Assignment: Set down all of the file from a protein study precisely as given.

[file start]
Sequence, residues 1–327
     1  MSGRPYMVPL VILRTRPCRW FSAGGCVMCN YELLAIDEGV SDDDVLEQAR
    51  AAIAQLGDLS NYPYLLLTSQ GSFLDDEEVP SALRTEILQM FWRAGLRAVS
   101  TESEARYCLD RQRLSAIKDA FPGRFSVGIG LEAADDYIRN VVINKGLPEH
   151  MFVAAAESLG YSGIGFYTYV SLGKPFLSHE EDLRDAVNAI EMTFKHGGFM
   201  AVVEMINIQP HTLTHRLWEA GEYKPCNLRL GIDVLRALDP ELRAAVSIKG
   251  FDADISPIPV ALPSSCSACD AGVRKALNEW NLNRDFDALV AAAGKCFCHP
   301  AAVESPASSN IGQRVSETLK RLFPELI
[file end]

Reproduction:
Sequence, residues 1–327
     1  MSGRPYMVPL VILRTRPCRW FSAGGCVMCN YELLAIDEGV SDDDVLEQAR
    51  AAIAQLGDLS NYPYLLLTSQ GSFLDDEEVP SALRTEILQM FWRAGLRAVS
   101  TESEARYCLD RQRLSAIKDA FPGRFSVGIG LEAADDYIRN VVINKGLPEH
   151  MFVAAAESLG YSGIGFYTYV SLGKPFLSHE EDLRDAVNAI EMTFKHGGFM
   201  AVVEMINIQP HTLTHRLWEA GEYKPCNLRL GIDVLRALDP ELRAAVSIKG
   251  FDADISPIPV ALPSSCSACD AGVRKALNEW NLNRDFDALV AAAGKCFCHP
   301  AAVESPASSN IGQRVSETLK RLFPELI